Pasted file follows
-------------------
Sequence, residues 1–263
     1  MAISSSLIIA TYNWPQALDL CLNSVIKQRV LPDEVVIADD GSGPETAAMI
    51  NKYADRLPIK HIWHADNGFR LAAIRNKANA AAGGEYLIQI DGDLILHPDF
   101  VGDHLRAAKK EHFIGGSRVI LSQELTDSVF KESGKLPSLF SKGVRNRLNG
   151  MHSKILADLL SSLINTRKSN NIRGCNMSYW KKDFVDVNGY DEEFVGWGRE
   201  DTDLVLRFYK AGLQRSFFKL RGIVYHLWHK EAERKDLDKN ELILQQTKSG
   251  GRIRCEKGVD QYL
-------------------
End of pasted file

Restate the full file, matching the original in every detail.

Sequence, residues 1–263
     1  MAISSSLIIA TYNWPQALDL CLNSVIKQRV LPDEVVIADD GSGPETAAMI
    51  NKYADRLPIK HIWHADNGFR LAAIRNKANA AAGGEYLIQI DGDLILHPDF
   101  VGDHLRAAKK EHFIGGSRVI LSQELTDSVF KESGKLPSLF SKGVRNRLNG
   151  MHSKILADLL SSLINTRKSN NIRGCNMSYW KKDFVDVNGY DEEFVGWGRE
   201  DTDLVLRFYK AGLQRSFFKL RGIVYHLWHK EAERKDLDKN ELILQQTKSG
   251  GRIRCEKGVD QYL